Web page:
Airports are one of if not the most complex of integrated security environments that security professionals have to operate in today’s challenging security industry. Securing a huge amount of passengers and freight that transits through them each year, not to mention the thousands of support personnel and retail staff, is no easy task. Yet an efficient, safe, and secure aviation system is integral to our social and economic well-being.
Security outcomes for airports are mandated by national agreements with the International Civil Aviation Authority, but the method of achieving those outcomes is left to the contracted countries and individual airport authorities. The serious nature of the threats that airports face, regardless of their size, means that airport operators must ensure that there is no weak link in their security chain. Any failure can have significant consequences. As a result, security arrangements in place at most airports is extensive and comprehensive. In Australia, the approach is based on the principle of ‘security in depth’, meaning the more layers of security, the less chance an attack will occur or be successful.
This layered approach to security is just one element of the airport security model is one that provides many lessons for other sectors in the threats they face. Drawing on his extensive experience working in the airport security environment, Kerran Campbell is talking at this year’s ASIAL Conference.
Book your pass now to hear more from Kerran in his in-depth Executive Briefing. Spaces are limited!
About the author: Kerran Campbell
Kerran Campbell was Managing Director for 15 years, and then Chairman for 5 years of CCD Australia. CCD Australia was a multi-disciplinary consulting practice with offices based in Perth, Melbourne, Jakarta, Dubai and Singapore. CCD Australia merged with SKM in November 2004, and Kerran was then a Principal of SKM and Global Technical Director Security for SKM until his retirement in late 2006.
In late 2005 Kerran was elected as Adjunct Assoc Prof at ECU. In December 2006 he took the post as Associate Professor of Security Science at ECU, working part time in this role, as well he commenced his own practice of Campbell & Campbell specialising in high-level security consulting. In June 2006 he resigned from ECU WA, (for personal reasons) and again was appointed Adjunct Assoc Prof and commenced with ECU Dubai lecturing in Aviation Security. Since forming Campbell & Campbell, Kerran has formed CCD-Alliance, to enable participation in major projects, where he is joined by other security practitioners who collectively have over 118 years of direct hands-on security consulting and relevant security experience.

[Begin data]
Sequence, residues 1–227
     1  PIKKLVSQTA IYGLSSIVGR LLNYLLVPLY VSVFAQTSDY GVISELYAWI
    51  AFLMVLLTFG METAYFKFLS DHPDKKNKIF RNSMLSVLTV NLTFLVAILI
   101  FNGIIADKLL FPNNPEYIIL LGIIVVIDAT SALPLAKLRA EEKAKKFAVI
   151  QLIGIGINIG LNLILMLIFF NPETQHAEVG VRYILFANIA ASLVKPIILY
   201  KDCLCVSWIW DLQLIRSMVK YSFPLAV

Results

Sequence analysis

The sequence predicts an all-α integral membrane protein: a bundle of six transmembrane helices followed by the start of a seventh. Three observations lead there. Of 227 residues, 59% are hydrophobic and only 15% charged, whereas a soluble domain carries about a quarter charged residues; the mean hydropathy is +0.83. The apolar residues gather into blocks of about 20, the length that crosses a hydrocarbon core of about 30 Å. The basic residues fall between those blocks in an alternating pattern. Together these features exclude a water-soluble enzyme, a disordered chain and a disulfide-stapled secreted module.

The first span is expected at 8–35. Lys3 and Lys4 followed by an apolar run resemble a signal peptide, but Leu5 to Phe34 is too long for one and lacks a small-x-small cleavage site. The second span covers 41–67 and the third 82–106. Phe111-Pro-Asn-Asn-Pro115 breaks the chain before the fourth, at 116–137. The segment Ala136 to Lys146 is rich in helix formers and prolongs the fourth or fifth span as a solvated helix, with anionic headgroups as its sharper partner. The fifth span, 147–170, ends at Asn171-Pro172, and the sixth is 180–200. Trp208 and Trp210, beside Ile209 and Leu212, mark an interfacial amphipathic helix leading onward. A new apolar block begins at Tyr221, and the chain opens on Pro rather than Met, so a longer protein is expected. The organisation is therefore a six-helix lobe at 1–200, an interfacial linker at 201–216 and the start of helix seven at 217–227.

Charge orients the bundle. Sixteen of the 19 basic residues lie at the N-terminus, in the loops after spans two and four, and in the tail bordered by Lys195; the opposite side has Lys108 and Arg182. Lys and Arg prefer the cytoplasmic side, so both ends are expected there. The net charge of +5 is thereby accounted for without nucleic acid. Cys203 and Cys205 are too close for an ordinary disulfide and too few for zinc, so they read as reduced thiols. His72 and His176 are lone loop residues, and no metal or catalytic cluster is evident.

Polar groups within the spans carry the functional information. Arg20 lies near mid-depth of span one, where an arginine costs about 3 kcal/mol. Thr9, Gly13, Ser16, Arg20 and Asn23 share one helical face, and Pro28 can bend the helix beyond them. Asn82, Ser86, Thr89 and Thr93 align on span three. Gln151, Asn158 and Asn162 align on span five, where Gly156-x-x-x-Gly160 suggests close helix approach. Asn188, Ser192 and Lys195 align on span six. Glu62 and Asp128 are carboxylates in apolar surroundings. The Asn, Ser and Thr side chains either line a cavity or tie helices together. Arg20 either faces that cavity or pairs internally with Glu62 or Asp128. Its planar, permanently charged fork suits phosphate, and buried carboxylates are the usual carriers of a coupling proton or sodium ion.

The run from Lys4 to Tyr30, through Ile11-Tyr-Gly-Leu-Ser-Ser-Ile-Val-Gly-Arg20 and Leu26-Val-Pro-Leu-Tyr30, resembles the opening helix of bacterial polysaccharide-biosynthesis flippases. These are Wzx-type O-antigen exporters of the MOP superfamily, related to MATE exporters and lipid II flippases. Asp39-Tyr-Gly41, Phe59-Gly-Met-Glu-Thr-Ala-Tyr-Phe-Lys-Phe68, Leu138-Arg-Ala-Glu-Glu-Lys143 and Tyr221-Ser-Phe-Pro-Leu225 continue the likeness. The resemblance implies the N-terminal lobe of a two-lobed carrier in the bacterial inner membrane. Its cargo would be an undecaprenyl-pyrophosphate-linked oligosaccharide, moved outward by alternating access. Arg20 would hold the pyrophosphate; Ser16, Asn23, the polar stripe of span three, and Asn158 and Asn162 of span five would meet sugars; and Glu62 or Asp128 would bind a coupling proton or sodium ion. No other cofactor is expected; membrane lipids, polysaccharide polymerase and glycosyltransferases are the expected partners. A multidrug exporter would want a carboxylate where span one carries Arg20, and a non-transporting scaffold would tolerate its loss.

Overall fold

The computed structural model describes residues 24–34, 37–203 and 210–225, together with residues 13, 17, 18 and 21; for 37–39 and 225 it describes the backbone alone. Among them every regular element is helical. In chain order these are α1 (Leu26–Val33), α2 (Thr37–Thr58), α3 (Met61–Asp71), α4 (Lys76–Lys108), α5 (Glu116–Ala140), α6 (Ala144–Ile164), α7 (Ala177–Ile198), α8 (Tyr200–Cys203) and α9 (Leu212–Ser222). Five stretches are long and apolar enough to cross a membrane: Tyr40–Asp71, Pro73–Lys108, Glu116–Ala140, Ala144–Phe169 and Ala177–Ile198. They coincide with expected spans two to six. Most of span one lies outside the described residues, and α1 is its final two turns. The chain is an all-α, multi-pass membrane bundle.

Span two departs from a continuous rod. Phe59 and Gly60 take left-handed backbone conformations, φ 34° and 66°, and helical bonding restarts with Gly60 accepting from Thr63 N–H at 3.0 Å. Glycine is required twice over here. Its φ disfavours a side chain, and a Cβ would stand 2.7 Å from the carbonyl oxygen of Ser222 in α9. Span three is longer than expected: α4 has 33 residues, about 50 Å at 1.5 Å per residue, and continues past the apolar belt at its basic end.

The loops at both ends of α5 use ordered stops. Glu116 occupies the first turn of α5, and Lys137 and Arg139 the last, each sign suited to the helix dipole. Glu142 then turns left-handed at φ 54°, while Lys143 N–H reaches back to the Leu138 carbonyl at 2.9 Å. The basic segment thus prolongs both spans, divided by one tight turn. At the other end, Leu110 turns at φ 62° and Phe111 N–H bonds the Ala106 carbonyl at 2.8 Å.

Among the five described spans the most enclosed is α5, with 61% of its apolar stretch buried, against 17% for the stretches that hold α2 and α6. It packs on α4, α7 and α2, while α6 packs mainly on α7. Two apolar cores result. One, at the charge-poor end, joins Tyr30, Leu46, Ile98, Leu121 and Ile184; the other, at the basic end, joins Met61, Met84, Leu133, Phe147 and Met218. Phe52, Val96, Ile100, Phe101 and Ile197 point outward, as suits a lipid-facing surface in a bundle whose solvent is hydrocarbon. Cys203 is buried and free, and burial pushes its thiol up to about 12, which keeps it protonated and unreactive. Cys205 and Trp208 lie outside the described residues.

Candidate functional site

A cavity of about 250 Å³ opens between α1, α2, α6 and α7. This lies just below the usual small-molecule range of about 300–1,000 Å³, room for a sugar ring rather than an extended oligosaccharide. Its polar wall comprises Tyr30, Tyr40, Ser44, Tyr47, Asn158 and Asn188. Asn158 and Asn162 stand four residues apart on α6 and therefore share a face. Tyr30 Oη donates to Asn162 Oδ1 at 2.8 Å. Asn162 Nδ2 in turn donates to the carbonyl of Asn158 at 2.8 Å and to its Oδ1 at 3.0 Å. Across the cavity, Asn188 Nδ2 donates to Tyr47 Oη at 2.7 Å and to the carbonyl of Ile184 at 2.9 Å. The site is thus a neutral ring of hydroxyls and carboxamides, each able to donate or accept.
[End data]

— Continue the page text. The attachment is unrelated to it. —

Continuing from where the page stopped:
Kerran has professional qualifications as an electrical and building services engineer and qualifications in security. He has received international recognition for his work in the area of professional security. He has carried out commissions with the public and private sectors in all states of Australia and numerous countries overseas, including New Zealand, Malaysia, Singapore, Indonesia, Papua New Guinea, India, Sri Lanka, China, South Africa, Saudi Arabia, Oman and the UAE.
Kerran commenced in the engineering profession in 1964, after some ten years in government and private industry he joined what was C.C.Chase and Associates in 1974, as the chief electrical engineer. He was made an associate of that practice in 1975, and became a foundation director of Chase Campbell and Drew in 1977. Chase Campbell and Drew became Connell Campbell & Drew and then CCD Australia.
Kerran was elected a Fellow of the Institution of Engineers in 1981, and a Fellow of the Chartered Institute of Building Services in 1982. Kerran is recognised as one of, if not the most experienced professional security consultants in the Indian Pacific Regions, with over 40 years experiences. Indeed since 1976, he has practiced in the field of professional security consulting specialising in custodial institutions consulting, aviation security and facility counter-terrorism design and since that time has been continuously involved in high-security projects, many significant in global terms throughout Australasia and the African Continent and the Arabian Peninsula. He has been responsible for the security design of some of the most significant projects in the region.